Closing out Signature Theatre’s first Autumn Cabaret Festival, Nadine Zahr (understudy for Brother Russia and Side by Side by Sondheim) returned to the intimate Ark Theatre along with fellow NYC-based singer-songwriter Sharon Kenny.
The duo – with background vocals from Signature favorite Madeline Botteri – explored Nadine’s serial dating tendencies in Los Angeles and New York City (where she is now based) and her pursuit to find and accept herself through mostly original songs and stories. For lovers of contemporary musical theatre, the two talented songstresses also expertly wove a few showtunes (or songs written by musical theatre composers) into their well-constructed set list. The end result was an honest and intimate look at the trials and tribulations of dating in the modern world.
Kenny’s piano-based original music offered an eclectic mix of comedic/angry tales about being a 20-something artist in New York City’s dating scene (“Nerd Playa,” which hilariously laments a choice to date a hipster). However, like many singer-songwriters who have come before her, she also shared numerous songs about heartbreak (“Fallout Shelter” and “Different Bodies”) and botched relationships (“Uncomfortable Strangers”) that might find resonance with nearly every age group.
She also explored the emotional resignation that occurs upon the realization that a relationship is indeed over with “Quiet Violence.” This haunting song, which was oddly enough featured on the television show Dance Moms, was Kenny’s most solid performance of the night. It was nicely suited to her pop vocal stylings while also showcasing her ability to write complex and interesting lyrics that extend far beyond the surface level.
Zahr’s acoustic guitar-driven music thoughtfully explored some of the same themes, but in most cases, with less of a modern ‘punk’ edge. Her self-penned songs like “Yes” revealed the happiness that comes when romance goes right (at least initially). Songs like “Sunset” had a more hopeful edge that love – the kind that goes beyond a good ‘one night together’ – might endure beyond a fleeting moment in time. While all her numbers showcased her impeccable voice – the kind that features a tone that would have most singers green with envy – “Sunset,” in particular, really allowed Zahr’s signature powerful vocals to soar and she combined them nicely with real emotion.
A series of cover songs also proved to be solid means for exploring Nadine’s life as a serial dater. Stephen Sondheim’s “Another Hundred People” (from Company) provided fodder to express the opportunities and frustrations that go along with dating in New York City. Likewise, “Blue Horizon” from Kooman and Dimond’s debut album Out of Our Heads: The Music of Kooman & Dimond, Patty Griffin’s “Let Him Fly,” and “I’m Here” (from the musical The Color Purple) appropriately conveyed her realization that she needed to first accept herself and make a new start before jumping into a relationship again.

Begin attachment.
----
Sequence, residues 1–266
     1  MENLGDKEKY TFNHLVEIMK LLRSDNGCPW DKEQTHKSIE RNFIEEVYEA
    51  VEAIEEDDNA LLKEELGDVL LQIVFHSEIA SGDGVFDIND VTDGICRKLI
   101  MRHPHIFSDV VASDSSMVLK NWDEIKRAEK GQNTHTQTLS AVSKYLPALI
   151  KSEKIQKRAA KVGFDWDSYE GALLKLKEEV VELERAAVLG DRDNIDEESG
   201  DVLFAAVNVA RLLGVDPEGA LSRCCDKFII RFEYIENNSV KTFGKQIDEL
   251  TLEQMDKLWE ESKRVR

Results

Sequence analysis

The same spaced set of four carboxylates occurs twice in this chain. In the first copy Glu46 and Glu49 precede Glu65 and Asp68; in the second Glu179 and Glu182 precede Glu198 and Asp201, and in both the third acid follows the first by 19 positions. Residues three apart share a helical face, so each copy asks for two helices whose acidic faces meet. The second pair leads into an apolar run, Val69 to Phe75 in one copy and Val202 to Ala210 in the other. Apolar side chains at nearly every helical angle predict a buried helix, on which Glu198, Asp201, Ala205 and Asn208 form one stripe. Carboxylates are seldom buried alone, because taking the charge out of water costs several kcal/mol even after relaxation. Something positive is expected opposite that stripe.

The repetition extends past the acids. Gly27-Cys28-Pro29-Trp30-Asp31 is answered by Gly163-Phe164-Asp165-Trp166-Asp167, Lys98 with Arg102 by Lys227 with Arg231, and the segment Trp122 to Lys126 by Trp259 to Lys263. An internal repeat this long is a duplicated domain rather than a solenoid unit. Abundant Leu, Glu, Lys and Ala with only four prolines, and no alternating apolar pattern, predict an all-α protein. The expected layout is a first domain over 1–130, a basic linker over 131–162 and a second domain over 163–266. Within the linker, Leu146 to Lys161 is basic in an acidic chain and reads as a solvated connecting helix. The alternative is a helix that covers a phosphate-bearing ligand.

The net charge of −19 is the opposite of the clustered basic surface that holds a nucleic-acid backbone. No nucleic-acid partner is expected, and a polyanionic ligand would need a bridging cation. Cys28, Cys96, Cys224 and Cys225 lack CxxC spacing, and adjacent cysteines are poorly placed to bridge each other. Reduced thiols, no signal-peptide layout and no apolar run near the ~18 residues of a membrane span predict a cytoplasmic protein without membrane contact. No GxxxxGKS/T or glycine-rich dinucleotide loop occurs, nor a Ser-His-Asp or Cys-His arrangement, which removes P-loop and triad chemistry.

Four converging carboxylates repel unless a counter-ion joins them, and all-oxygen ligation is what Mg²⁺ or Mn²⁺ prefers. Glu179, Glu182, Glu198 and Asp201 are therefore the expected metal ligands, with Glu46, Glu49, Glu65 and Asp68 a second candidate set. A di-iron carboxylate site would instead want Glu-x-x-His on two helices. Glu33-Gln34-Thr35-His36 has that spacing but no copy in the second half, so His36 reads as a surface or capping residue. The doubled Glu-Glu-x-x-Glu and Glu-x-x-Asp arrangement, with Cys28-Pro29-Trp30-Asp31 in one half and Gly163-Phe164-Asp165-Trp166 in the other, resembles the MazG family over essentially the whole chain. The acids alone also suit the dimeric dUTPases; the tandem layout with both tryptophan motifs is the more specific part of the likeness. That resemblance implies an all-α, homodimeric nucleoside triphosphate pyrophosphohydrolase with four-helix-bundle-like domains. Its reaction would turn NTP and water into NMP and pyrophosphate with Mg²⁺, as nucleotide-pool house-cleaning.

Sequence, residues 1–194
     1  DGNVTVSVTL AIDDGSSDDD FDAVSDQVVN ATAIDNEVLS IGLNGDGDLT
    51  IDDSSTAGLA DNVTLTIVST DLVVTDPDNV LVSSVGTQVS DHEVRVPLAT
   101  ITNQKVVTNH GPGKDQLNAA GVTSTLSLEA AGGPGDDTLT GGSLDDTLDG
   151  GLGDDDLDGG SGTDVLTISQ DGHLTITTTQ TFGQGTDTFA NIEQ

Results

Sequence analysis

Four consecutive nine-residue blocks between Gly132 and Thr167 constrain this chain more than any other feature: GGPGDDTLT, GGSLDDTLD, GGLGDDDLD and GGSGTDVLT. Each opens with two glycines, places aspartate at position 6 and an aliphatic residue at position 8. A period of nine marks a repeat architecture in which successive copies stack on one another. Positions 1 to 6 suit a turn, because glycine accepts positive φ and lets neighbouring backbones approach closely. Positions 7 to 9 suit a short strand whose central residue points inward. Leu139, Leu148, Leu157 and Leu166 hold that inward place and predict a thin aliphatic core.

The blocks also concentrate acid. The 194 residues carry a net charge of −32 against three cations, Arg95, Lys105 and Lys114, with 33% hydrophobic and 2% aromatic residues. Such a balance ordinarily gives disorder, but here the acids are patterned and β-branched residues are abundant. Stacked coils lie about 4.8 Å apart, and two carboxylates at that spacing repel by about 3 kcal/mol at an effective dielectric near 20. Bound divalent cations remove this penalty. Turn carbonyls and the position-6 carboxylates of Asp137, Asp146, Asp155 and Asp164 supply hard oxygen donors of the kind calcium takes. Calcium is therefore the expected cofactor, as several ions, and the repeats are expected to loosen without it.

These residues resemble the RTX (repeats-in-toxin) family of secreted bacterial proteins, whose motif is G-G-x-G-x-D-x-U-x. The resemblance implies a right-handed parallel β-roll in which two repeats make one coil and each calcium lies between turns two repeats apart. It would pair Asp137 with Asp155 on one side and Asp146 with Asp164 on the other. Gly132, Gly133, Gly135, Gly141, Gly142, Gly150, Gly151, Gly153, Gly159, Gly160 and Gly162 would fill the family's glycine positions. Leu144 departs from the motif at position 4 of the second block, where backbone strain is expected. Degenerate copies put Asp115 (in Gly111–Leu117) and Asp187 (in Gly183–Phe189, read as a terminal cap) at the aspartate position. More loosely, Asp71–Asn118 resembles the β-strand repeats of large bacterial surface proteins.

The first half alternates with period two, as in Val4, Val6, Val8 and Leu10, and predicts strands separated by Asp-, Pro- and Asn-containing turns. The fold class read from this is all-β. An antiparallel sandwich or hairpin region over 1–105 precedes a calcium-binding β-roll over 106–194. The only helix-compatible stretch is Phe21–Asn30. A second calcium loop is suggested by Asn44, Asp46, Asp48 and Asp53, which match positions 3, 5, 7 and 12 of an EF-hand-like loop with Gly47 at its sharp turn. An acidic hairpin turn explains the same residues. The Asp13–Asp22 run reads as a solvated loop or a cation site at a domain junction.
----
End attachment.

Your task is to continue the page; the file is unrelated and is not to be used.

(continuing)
While one might think Nadine naturally would have a more intimate connection with the lyrics she wrote herself, she was equally as successful in bringing new meaning to the cover music she selected. Her rendition of “I’m Here” was particularly noteworthy for its originality. Less of a gospel-infused number than it usually is, she toned down the vocal runs that others usually include and made it appropriate for an intimate singer-songwriter cabaret.
It’s not exactly a new idea to use personal dating and relationship experiences as a means to focus a cabaret performance. Even Broadway singers like Christiane Noll have previously organized song selections around the chronological process that one goes through in finding love (case in point: her album A Broadway Love Story) just as Zahr and Kenny do in this show. Nonetheless, what sets Zahr and Kenny apart is that they were able to successfully merge their original music, showtunes, and covers of pop songs to explore this universally relatable experience in a cohesive way.
At times I must admit that I wanted them to simply share their personal experiences through songs rather than extensively set up each number with stories or scenarios. One might give the audience some credit in figuring out what a song means on its own by only providing a few words of introduction to set the tone and context of the song. Kenny, in particular, seemed a bit prone to rambling while setting up her songs (leading me to think that ‘less is more’) although she was thankfully much more articulate in her musical numbers.
However, one can easily forgive these relatively young writers for these possible errors simply because their songs were so well-constructed. Their solid instrumental skills (particularly Kenny on piano) and voices (Nadine’s in particular) made them all the more enjoyable to hear.
The finale, a performance of Marcy and Zina’s popular “Love Like Breathing,” was a perfect way to end the night. A very high point in a sea of many high points, all three talented young ladies were given a chance to soar vocally and lay out the final message that once you really find love, it’s cause for celebration.
This cabaret was a one-night-only performance on September 21, 2013 and closed out Signature Theatre’s Autumn Cabaret Festival.
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